|Augustus Mongredien (1807-1888) was political economist and
a writer on miscellaneous political and botanical topics. He born in London, but his father, Adrien Mongredien , emigrated with his family from Saint Nicolas D'Attez,
Normandy, France in 1802 for political reasons. Augustus had a wife,
Jannette Anne and two daughters, Jannette and Adele and resided at 15 Park
Road Villa, Lewisham, Kent.
Some of his writings include the following
Trees and Shrubs for English Plantations: a selection and description
of the most ornamental trees and shrubs, native and foreign, which will
flourish in the open air in our climate - with illustrations -
published in 1870.
England's Foreign Policy; an enquiry as to whether we should continue
a Policy of Intervention, etc - published in 1871
Wealth Creation - n.d.
and pamphlets, including: The Western Farmer of America -
1886; The French Corn Laws - 1888; Pleas for
Protection Examined - 1888; Free Trade and English Commerce etc -
n.d. probably 1880's.
He contributed to a
study, along with
many famous people including Mark Twain, on the effects of narcotics and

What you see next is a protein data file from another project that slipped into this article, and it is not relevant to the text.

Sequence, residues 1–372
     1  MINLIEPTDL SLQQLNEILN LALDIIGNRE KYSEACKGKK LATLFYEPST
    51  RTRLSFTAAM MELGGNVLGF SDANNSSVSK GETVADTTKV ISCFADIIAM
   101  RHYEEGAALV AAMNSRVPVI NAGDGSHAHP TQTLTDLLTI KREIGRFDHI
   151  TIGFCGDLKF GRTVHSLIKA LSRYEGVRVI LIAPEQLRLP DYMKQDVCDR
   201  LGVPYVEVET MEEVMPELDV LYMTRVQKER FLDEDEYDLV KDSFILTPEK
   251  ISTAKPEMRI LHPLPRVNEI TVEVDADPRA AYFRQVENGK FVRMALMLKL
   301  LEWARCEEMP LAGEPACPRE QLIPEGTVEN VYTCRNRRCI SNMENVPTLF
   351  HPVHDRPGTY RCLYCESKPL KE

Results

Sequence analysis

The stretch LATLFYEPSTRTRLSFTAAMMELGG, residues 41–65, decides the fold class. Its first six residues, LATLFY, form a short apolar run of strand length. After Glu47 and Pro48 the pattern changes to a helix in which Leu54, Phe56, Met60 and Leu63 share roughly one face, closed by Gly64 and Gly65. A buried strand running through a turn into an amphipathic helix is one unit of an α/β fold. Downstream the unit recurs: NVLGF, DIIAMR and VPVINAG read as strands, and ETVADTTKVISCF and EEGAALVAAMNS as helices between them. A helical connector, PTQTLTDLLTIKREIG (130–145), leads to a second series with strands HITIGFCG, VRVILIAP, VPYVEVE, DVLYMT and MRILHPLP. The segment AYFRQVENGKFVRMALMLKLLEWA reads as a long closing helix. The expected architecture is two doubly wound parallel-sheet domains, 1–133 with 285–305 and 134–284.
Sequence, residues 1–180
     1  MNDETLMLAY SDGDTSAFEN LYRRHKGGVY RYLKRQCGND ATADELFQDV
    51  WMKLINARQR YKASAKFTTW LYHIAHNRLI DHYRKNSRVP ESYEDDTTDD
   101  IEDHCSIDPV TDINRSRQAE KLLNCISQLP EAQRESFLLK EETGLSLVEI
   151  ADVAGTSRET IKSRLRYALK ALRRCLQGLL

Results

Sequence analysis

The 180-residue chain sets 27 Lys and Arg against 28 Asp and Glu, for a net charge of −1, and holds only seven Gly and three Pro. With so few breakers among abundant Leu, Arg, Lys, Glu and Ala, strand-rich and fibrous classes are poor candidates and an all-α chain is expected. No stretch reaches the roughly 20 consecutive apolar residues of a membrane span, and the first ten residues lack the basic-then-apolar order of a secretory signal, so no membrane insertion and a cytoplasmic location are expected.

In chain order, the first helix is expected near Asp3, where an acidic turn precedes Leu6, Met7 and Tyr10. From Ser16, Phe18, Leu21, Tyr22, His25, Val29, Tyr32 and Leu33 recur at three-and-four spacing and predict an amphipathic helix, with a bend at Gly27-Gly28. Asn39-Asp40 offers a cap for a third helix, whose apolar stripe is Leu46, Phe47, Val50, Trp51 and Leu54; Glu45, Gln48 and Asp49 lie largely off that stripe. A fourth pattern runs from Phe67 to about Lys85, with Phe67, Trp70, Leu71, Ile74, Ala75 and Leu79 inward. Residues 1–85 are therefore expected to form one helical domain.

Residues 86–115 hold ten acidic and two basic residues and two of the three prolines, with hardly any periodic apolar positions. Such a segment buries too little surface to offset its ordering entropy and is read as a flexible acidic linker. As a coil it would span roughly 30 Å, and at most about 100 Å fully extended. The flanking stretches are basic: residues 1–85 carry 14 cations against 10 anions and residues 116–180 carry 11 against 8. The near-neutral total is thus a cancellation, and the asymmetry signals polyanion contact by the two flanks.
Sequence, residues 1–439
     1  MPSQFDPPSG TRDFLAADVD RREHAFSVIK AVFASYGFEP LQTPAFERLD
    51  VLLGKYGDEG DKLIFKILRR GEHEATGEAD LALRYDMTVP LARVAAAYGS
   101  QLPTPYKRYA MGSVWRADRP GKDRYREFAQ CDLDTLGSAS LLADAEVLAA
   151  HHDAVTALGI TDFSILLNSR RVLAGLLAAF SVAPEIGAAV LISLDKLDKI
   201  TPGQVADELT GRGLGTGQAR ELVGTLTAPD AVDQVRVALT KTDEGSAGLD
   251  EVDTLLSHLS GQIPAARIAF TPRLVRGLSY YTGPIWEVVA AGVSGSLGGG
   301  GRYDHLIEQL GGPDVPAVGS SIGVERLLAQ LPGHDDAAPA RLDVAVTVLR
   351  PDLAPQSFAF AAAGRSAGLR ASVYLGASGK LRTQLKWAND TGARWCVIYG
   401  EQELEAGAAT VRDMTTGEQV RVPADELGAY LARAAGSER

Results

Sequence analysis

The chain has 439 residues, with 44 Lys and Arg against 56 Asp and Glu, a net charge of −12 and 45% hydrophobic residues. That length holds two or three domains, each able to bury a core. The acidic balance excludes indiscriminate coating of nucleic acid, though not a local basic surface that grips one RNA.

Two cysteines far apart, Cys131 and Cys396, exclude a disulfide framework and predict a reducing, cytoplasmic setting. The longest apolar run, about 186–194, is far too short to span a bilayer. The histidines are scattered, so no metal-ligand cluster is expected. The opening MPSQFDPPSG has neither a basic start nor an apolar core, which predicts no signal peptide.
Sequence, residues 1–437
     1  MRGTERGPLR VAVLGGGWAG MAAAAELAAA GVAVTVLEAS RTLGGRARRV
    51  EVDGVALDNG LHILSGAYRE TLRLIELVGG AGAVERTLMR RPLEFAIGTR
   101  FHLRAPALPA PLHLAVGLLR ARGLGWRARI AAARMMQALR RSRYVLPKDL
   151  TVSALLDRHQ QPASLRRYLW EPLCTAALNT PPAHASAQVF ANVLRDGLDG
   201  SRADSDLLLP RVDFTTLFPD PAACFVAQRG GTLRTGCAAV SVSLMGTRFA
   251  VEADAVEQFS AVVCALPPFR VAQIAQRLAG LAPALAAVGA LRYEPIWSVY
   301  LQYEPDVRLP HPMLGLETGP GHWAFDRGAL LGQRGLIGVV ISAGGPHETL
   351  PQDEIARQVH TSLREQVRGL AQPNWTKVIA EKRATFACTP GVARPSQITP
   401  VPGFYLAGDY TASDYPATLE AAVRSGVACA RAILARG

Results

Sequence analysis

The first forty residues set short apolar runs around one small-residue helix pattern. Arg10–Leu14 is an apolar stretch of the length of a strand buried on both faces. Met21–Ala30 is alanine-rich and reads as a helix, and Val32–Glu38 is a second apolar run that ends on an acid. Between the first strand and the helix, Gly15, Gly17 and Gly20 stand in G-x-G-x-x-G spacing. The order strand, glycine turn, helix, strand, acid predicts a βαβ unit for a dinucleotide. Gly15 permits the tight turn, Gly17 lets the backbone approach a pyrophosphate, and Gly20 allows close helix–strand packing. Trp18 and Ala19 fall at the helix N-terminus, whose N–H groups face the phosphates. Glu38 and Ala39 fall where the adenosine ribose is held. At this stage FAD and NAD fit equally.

stimulants. Here is his contribution:
MR. AUGUSTUS MONGREDIEN
The study concludes with this statement:
I am 75 years of age. I have smoked moderately all my life; and for
the last fifty years have never, except in rare and short instances of
illness, retired to bed without one tumbler of whiskey toddy. You will
therefore see that I am utterly incompetent to pronounce on the
respective effects, on the mind and body, of moderate indulgence, and
of total abstinence, for I have never tried the latter.
A. MONGREDIEN - March 10, 1882.
[A more successful illustration of
the "harmlessness" of stimulants is supplied in Mr. Augustus
Mongredien, well-known as an able expositor of the principles of Free
Trade. He is now 75 years of age, and has smoked moderately all his
life, and for the last fifty years has never, except in rare and short
instances of illness, retired to bed without one tumbler of
whiskey-toddy. But this is an exceptional case of longevity. All the
evidence favours the opinion that tobacco, like alcohol, shortens
Mongredien joined the London Chess Club in 1835 and was elected president
of the club in 1839, even though at the time he lived in Liverpool, and
retained the position until 1870 when the club ceased to exist. He became a
member of the famous Cobden Club which is still in existence. According to
it's website, the Cobden Club
was "named after Richard Cobden (the famous philanthropist and Member of
Parliament renowned for his part in the repeal of the Corn Laws), the Club
was built in the 1870s as a venue to promote art and entertainment for the
working man." The gentleman's club featured a restaurant, tavern, reading
and games rooms.
Mongredien, along with Preti and Riviere seemed to have been on
particularly friendly terms with Morphy.
Not a great player, Augustus Mongredien, was a strong player who managed to draw many games against the best.